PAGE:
[sbinews] IT predictions for 2004

  • From: sbistcbangalore@xxxxxxxx
  • To: sbinews@xxxxxxxxxxxxx
  • Date: Mon, 22 Dec 2003 20:42:23 +0500

No. This time there isn’t going to be that year-end announcement of the “next 
big thing” in information technology. Most predictions by IT experts in the 
industry spoke about making the most of existing infrastructure. 

“Do you think the next big thing in technology will happen in the next 12 
months?” was the question that Gartner asked a number of CIOs. And the answer, 
according to Jose Ruggero, vice president, Gartner: “We don’t see the next big 
thing happening. Why don’t you instead help us use what we already have?” 
Ruggero concludes that “the focus will be on refreshment and upgrades of 
existing infrastructure,” so that the infrastructure’s flexible and efficient. 
With the role of CIOs changing rapidly, Ruggero says that their priorities for 
2004 will be to take business costs down, enable risk-managed innovation, 
provide business guidance, demonstrate business value, enhance security and 
integrate applications. (Has information technology reached a saturation point 
as far as development goes?) 

According to Gartner, the top global business concerns will include security/ 
business disruption, operating costs/ budgets, data protection/ privacy and 
need for revenue growth. The business concerns for Indian companies would 
include use of information in products and services, the need for revenue 
growth, and thirdly data protection and privacy. 

The key management priorities: demonstrating business value of information 
services (IS)/information technology(IT); developing leadership in the IS 
senior team and strengthening the IS/business linkage. In India the key 
management priorities would be to develop leadership in the IS senior team; 
make IS more service-oriented; strengthen the IS/business linkage. 

 The technology priorities globally would be to develop efficient/flexible 
infrastructure; managing efficient/ flexible infrastructure; and security 
enhancement tools. In India the technology priorities, according to Gartner 
would be, to develop efficient/ flexible infrastructure; CRM; IT performance 
management, application integration, and managing an efficient/ flexible 

Sunish Sharma, engagement manager, McKinsey, also feels that there will be 
cost-cutting and that “enterprise budgets will be moving down”. However, IT 
talent, according to Sharma will be freely available, because of the series of 
lay-offs and companies will try to some of this talent inhouse. 

Sharma sees some aggressive offshoring happening despite all the furore in the 
US - “but mainly for non-strategic applications”. Other forecasts include the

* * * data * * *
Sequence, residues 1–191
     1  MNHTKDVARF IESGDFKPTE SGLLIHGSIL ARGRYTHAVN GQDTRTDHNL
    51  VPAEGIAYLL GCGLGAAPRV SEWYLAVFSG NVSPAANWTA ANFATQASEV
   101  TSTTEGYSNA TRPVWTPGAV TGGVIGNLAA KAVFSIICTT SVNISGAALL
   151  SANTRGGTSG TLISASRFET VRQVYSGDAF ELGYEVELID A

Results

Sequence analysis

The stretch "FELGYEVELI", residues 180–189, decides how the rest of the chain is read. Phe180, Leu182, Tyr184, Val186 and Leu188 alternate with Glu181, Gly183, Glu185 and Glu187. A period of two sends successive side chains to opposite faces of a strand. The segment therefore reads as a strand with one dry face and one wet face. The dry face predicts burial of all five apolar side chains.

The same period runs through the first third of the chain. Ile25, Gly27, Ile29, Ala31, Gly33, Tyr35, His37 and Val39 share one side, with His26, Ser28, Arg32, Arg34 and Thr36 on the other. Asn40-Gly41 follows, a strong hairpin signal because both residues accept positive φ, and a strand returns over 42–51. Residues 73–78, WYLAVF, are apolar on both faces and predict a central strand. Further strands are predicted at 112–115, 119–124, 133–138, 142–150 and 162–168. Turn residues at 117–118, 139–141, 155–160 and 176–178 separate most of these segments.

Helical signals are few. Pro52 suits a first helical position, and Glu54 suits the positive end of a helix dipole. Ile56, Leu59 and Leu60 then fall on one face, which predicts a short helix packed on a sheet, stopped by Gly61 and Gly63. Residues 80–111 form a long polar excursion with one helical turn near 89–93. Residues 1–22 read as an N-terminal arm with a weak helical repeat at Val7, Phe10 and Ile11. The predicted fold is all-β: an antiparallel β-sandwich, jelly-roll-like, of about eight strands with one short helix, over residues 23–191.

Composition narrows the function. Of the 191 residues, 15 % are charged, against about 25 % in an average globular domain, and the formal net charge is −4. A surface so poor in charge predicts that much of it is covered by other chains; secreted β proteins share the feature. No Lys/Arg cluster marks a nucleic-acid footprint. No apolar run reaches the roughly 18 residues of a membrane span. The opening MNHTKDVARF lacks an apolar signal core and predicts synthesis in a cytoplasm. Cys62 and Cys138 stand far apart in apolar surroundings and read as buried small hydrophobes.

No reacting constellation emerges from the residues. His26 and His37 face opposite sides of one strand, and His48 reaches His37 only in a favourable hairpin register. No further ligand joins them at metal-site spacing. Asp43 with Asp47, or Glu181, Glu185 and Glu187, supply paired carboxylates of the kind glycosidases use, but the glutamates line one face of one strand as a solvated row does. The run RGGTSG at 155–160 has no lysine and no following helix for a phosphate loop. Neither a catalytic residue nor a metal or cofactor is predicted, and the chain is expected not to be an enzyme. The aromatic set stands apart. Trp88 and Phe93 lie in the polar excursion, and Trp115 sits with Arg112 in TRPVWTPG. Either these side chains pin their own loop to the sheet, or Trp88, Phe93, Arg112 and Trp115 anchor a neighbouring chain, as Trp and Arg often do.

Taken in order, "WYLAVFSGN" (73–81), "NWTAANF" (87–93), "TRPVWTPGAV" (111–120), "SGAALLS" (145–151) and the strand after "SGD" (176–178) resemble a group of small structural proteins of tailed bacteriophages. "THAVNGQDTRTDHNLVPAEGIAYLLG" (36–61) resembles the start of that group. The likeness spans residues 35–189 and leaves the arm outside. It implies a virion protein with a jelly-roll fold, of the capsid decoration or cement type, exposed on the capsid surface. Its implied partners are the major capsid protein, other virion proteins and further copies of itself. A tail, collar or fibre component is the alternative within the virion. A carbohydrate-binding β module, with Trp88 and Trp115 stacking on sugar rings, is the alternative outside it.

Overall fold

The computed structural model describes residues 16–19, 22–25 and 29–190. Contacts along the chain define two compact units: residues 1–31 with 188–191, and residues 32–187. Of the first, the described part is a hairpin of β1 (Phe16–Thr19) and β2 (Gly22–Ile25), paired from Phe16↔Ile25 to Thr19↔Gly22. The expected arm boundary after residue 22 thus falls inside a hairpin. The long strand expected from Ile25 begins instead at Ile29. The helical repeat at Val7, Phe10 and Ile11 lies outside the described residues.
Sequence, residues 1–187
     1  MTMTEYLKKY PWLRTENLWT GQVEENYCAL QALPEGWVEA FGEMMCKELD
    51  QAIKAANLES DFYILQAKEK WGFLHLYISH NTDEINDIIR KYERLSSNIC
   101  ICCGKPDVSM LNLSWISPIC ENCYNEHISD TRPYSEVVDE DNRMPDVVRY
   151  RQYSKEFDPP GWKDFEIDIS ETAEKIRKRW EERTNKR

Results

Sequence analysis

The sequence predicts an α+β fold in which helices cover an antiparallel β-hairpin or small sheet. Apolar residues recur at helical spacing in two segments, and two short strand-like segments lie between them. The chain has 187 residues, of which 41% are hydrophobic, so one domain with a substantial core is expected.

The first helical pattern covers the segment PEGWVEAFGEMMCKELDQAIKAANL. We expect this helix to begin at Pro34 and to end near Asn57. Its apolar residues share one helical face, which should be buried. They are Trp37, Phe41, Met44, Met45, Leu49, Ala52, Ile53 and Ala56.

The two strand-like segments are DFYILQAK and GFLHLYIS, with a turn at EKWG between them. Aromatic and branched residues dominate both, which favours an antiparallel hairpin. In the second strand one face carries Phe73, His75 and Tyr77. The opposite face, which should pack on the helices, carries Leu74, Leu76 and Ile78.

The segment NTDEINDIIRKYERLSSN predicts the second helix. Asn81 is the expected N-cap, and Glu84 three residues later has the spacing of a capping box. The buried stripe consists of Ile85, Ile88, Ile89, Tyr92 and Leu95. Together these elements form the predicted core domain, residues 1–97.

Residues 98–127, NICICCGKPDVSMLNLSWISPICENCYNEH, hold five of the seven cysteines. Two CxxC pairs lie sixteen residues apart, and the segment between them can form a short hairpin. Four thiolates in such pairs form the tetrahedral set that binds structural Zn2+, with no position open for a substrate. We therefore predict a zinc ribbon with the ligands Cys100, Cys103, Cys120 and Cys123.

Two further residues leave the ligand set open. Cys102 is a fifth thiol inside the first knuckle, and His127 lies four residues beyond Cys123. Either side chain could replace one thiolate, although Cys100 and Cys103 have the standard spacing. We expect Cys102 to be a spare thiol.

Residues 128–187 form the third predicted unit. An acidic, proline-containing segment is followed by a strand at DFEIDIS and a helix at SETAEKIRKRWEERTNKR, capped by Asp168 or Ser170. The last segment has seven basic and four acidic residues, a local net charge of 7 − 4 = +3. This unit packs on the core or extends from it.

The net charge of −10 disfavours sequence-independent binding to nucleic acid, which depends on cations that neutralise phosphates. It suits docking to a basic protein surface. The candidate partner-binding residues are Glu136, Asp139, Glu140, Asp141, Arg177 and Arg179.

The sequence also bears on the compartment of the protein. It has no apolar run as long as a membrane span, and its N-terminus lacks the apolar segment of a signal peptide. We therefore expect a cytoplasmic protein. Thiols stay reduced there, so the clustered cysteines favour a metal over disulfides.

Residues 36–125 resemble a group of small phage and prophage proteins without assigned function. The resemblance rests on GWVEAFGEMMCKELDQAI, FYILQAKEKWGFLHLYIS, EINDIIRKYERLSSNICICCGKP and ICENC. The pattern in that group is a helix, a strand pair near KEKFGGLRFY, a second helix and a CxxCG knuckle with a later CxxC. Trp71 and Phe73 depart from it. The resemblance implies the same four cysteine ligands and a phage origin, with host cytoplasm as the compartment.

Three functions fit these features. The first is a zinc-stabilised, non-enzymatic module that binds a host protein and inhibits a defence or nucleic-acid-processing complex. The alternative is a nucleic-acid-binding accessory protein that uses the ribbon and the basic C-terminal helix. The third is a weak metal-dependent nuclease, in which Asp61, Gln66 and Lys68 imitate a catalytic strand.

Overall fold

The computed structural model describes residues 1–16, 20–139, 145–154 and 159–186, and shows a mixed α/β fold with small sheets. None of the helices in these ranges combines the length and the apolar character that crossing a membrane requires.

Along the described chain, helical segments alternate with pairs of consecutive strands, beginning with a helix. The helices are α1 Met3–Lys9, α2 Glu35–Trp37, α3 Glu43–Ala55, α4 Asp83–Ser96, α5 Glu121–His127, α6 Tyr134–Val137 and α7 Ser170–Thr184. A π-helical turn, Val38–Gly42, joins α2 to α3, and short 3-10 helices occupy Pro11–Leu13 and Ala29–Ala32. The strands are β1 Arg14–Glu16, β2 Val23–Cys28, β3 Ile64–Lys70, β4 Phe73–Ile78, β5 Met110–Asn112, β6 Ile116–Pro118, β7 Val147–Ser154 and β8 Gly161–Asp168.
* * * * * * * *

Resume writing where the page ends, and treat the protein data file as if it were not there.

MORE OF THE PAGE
“clear industrialisation of software” and software development in OEMs such as 
IBM, HP. The other big trend will see big software players such as Oracle and 
SAP getting into niche areas, Sharma says. 

IDC also has come out with its “predictions for 2004”. It sees 2004 as a year 
of “tech resurrection” after a major setback in the last few years. IT spend, 
according to IDC is expected to be 6-8 per cent “or better”. And the reasons 
for the resurrection, IDC says, will be because of the significant 
strengthening in enterprise IT spending, consumer IT spending continuing to 
hold up, IT spending rebound remaining strong in the United States. IDC also 
sees “a shift among infrastructure hardware and software suppliers to 
standards-based product development and off-the-shelf sourcing strategies”. 

IDC analysts feels that utility computing is a good long-term bet. “The utility 
computing model will drive major changes in system architecture, system 
management, IT product/ service packaging, and pricing. However, in 2004, 
futility, rather than utility, will characterise the market.” 

IDC also predicts that aggressive offshore models are here to stay despite all 
the controversy that it will generate in 2004, which is election year. “In 
2004, the value of IT services provided to US businesses through offshore 
labour will double to $16 billion. In the subsequent three years, it will 
almost triple to $46 billion, capturing almost one-quarter of the US 

 In this regard, Shamini Dhana, director, Silicon Valley Bank, has an 
interesting viewpoint: “Offshoring’s here to stay. And, in fact, your funding 
agency might want to know how you expect to remain competitive if you are not 
offshoring to India — offshoring to India is no more about just cutting costs, 
it’s about staying competitive.” And all this is very good news indeed for 

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